A number of users have asked for nulls (transparent cells) in surface meshes. This sounds easy on the surface, but it isn’t … Nevertheless we want to deliver it. We do have some questions though.
Given a surface mesh with 8×8 data values, we end up with something like this (below). The data-points are shown by orange dots. The cells are the squares next to the dots.
As you can see, cell colour is specified by interpolating the four points surrounding a cell. For example, the cell in the top right has a data-value of Y=1 so it should be red, but it isn’t, it’s yellow, because it has two other edges which are only at Y=0.5.
Now if a user wants to specify a cell as transparent, for example the cell at X=1, Z=6, them you end up with this:
Now this obviously isn’t ideal. We thought about how to solve this.
We could allow you to specify a separate texture for the mask to ‘null’ certain cells, however you will notice that there are 8×8 data-points in the mesh, but only 7×7 cells, so the texture size doesn’t actually match the data size. This would allow you to mask out certain cells but it would also give you a clunky API and raise questions of accuracy because of the mismatch of sizes.
Another way is we could change how we are drawing the cell textures. We could offset the texture so that each square in the texture surrounds the data-point, for example:
This would be a nice solution except it raises two problems.
We invite your comment/feedback on this proposed solution and whether it seems correct. It is very important to us that our scientific WPF Charts are both intuitive and accurate.
SC3D-337 Uneven Spacing of Surface Mesh Data-Points
Several users have requested that we allow uneven spacing of surface mesh data-points. However, we have a question. Which sort of spacing are you expecting, (A) or (B)?
SC3D-338 Waterfall Charts 3D
In SciChart WPF v4.3 we intend to add Waterfall Charts 3D. For clarification, we intend to create a hardware-accelerated version of our WPF Waterfall Chart Example using SciChart3D:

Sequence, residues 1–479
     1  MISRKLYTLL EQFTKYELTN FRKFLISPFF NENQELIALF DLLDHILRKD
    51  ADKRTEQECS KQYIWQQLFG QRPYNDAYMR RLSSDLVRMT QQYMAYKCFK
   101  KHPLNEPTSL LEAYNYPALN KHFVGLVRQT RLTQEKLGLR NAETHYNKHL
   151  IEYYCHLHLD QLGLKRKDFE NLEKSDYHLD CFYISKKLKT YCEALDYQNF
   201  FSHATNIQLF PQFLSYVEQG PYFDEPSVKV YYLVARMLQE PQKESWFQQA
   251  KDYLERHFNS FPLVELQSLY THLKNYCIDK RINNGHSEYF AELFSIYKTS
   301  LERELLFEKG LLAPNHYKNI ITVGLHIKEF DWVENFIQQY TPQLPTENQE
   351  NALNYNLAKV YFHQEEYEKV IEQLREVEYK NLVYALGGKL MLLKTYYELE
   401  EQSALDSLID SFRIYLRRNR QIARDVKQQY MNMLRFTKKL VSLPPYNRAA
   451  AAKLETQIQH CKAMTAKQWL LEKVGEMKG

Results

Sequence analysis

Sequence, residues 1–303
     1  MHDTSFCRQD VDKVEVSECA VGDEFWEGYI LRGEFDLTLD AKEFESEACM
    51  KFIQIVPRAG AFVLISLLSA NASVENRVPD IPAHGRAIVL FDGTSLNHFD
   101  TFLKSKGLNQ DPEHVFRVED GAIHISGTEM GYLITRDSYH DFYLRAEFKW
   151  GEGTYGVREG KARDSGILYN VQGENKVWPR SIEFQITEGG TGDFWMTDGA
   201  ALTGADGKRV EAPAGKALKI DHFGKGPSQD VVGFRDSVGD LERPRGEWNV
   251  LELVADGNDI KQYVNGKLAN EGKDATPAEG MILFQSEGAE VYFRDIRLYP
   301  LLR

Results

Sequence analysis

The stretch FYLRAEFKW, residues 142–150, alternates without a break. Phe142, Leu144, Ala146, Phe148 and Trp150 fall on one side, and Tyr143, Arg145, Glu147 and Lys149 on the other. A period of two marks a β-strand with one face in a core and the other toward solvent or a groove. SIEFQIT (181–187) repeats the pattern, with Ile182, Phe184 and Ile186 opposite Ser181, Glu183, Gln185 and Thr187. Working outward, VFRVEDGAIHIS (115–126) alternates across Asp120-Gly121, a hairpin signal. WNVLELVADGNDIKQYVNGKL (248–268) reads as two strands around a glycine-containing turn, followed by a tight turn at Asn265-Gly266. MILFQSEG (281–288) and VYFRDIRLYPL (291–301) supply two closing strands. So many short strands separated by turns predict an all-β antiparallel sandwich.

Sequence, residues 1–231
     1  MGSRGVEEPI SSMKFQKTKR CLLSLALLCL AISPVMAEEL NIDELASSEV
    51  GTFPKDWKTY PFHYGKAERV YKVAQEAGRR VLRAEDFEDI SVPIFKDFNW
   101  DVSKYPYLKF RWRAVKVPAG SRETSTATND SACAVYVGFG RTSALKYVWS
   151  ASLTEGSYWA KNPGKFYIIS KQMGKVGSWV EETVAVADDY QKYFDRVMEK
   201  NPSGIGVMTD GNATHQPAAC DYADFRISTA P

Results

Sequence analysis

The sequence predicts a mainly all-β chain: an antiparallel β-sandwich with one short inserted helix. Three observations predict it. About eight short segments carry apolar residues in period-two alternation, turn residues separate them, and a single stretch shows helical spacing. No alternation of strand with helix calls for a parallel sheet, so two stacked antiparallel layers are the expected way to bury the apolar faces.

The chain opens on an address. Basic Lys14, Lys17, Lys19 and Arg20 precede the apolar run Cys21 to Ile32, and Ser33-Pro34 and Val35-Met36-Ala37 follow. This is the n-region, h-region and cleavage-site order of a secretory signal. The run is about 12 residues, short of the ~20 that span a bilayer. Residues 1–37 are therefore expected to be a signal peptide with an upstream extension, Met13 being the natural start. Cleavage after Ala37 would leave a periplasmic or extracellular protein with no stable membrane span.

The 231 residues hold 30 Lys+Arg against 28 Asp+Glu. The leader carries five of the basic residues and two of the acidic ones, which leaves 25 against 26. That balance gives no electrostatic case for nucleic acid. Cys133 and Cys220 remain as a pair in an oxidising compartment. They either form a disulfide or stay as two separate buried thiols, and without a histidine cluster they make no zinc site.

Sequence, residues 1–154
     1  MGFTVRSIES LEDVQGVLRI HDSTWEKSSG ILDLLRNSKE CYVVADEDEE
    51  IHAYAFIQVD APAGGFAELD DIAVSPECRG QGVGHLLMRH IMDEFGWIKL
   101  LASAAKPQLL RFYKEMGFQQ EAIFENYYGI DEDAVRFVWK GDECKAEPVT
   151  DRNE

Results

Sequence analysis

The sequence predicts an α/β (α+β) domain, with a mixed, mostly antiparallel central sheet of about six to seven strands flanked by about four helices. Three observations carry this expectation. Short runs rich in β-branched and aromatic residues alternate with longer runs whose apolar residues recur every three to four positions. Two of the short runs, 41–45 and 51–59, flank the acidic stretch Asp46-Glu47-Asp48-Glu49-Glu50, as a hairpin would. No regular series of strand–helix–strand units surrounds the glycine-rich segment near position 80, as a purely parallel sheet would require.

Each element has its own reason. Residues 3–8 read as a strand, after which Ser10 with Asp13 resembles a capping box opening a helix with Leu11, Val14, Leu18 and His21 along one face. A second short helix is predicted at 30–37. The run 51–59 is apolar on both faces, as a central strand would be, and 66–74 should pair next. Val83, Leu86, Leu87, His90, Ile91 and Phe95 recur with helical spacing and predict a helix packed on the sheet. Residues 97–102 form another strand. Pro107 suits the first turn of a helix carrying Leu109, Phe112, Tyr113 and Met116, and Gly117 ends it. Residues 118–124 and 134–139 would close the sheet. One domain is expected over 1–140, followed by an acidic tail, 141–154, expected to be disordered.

If we do this, we will likely bind it to our UniformGridDataSeries3D type. This means the data-source will be a 2-dimensional Double array of Y-values only. But what sort of requirements do you need for this chart type? Do you need for example:
We’re assuming you need realtime performance & being able to scroll in the Z-direction (time) …
SC3D-326 Virtualization of Large Surfaces
The current limit for the size of the 3D Surface Mesh chart is limited by the maximum texture size on your GPU, which in most cases is 4096*4096 and on some GPUs is larger, up to 16k * 16k.
Some customers have contacted us and asked for larger surface sizes, but we would just like to know how many so that we can prioritise this complex piece of work.
Those are all the questions we have about SciChart 3D Surface Mesh for now. If you are a current customer of SciChart WPF 3D, or you are considering to purchase this software, please get in contact with your feedback. It is extremely valuable that we build software that you actually want to use and meets your requirements!
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SciChart WPF v4.2 Build 9172 Released!
Posted by Andrew on 23 November 2016 09:00 AM
So those of you who have been watching our releases page will notice that SciChart iOS & Android v1.2 were released several weeks ago, but SciChart WPF is no-where to be seen!
Well, the good news is that while we have been delayed in our SciChart WPF v4.2 release, we are now ready to publish it! The delay was due to an extra round of testing & bug fixing (over and above the norm for SciChart releases) in order to make this one of the most stable and perfected releases of SciChart ever.
If you have a moment you can take a look at our Task Tracker board showing the status of the SciChart v4.2 Sprint. Our Issue Tracker was made public (read-only) a few weeks ago and you can now browse the status of sprints, tasks and bugs that you have reported.
Have a look below to see what’s coming soon.
XPS, Png Issues Fixed
In SciChart v4.2 we have literally fixed over 20 bugs related to Xps and Png export. The level of bugs in this feature was quite frankly, embarrassing, and we apologize to our users for putting them through this! In our defense, the image/XPS export feature is hugely complex, and requires us to make a perfect clone of the SciChartSurface in memory, and off-screen, for rendering to Png or XPS (Vector format) at a size other than the current chart.
This is now done and the export works beautifully. We have also explored various ways of UIAutomation testing and come up with a Visual Test Framework that compares expected vs. actual Bitmap / XPS outputs in a variety of edge cases, plus, created over 150 test cases to cover this extremely popular feature.